But even better than incremental change is when when dozens, hundreds, or thousands of people start making better choices. And with millions of Americans eating daily in college dining halls, hospital rooms, prison cafeterias, and workplace lunch lines — implementing plant-based options in these institutions can create massive impact.
These kinds of large-scale menu changes are the mission of Ken Botts, food policy manager for the Humane Society of the U.S.’s (HSUS) Farm Animal Protection division, meat reduction arm.
Botts, and Chef Wanda White — the culinarian who helped create the University of North Texas’s famous Mean Greens all-vegan dining hall — travel the country hosting Food Forward industry events and plant-based culinary training at colleges, health care facilities, and other interested institutions, including Ivy Leaguers like Harvard, Dartmouth, Northwestern and more.
The team’s most recent effort was a one-day Food Forward event in Boca Raton, Florida, hosted at Florida Atlantic University (FAU). More than 65 food industry leaders came to hear panel discussions and expert speakers, watch cooking demos, and eat a vegan lunch.
In addition to these one-day conferences, the meat reduction team also hosts two-day culinary trainings in kitchens across the country. Approximately 20 chefs are invited to each event, and Chef Wanda and Botts help lead them through the ins and outs of plant-based cooking and menu development.
“We go around the country and work with food service professionals to educate them on how to create plant-based menus, all the way from breakfast to dessert,” explains Botts. “We have a book of about 40 recipes we work with, and we’re in their kitchen showing them how to use food that they already have. It’s not something different, it’s just how to present it and prepare it to get staff, students, and guests excited about this kind of food.”
The program is completely free for participating institutions. The meat reduction team engages in outreach efforts to let schools and hospitals know that this program is available, but word has begun to spread organically, too.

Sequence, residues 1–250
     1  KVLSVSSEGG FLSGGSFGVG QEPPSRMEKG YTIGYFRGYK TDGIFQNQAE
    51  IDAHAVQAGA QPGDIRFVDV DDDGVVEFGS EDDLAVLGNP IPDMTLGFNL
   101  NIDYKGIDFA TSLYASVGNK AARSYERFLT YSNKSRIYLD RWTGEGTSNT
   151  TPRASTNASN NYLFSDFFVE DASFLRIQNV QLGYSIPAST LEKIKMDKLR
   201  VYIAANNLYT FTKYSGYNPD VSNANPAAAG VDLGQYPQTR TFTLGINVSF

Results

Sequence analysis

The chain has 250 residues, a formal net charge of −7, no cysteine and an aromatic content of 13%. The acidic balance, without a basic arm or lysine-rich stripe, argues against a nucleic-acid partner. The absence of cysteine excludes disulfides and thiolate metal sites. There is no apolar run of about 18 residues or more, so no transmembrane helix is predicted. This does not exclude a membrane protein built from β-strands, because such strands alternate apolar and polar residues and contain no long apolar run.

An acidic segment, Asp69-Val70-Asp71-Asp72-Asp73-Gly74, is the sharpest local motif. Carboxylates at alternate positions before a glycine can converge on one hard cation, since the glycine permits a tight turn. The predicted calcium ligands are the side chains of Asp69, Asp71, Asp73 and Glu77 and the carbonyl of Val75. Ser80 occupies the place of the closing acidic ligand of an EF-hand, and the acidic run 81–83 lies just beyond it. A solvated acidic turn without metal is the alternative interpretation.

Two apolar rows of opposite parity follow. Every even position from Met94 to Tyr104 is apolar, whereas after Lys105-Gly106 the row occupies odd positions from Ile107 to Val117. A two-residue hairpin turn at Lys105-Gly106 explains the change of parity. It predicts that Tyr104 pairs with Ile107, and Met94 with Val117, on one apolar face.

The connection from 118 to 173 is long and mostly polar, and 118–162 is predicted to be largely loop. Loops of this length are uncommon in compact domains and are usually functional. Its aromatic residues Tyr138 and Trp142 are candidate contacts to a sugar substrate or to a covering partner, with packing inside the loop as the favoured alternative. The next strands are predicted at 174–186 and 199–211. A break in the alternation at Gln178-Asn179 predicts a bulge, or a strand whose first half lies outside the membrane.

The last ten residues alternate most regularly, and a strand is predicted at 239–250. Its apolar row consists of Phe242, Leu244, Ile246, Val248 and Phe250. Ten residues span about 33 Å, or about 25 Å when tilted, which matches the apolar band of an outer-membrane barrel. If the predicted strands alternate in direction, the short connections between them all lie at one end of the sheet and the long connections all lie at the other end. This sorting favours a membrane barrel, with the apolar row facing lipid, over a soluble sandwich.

“We’ve done over 15 institutions around the nation both in healthcare and higher education, and now we’re developing one for K-12 schools. We’ve trained over 200 chefs, and we’re in the process of creating a chef’s collaborative where chefs who have this knowledge can talk and share recipes and continue to grow the program.”
Harvard University, Northwestern University, Tufts University, San Diego State, and Dartmouth College are among the schools that have opted into these trainings. Hospitals are getting on board, too, especially as the body of evidence surrounding the health benefits of a plant-based diet continues to grow.
“Food service directors know they’re going to save money by putting a fantastic eggplant dish on their patients’ plates — as opposed to a meat-based dish that contains beef pork or chicken. It’s an aha moment where they realize ‘it’s better for my patients and it’s better for food costs.’ And if they have a compassionate heart they realize it’s also good for the animals and the planet.”
Change is becoming apparent, Botts says, and not just in the U.S. “It’s happening in countries all around the world. Obesity and heart disease are rampant and it’s not sustainable to try to battle this from a medical standpoint so they’re looking at food.”
This change in attitude among institutions also opens up opportunities for manufacturers of plant-based products. The key is cost, explains Botts. Food service professionals are always looking at the bottom line, so these companies need to find a way to offer their products at a competitive rate (a la Hampton Creek, which has successfully gotten Just Mayo and Just Cookie Dough into institutional environments).
Since Botts joined the HSUS team, he’s seen the tide turning, he says. From schools to hospitals to prisons, plant-based options are no longer just a trend. “It’s becoming the norm; it’s becoming a mainstream option.”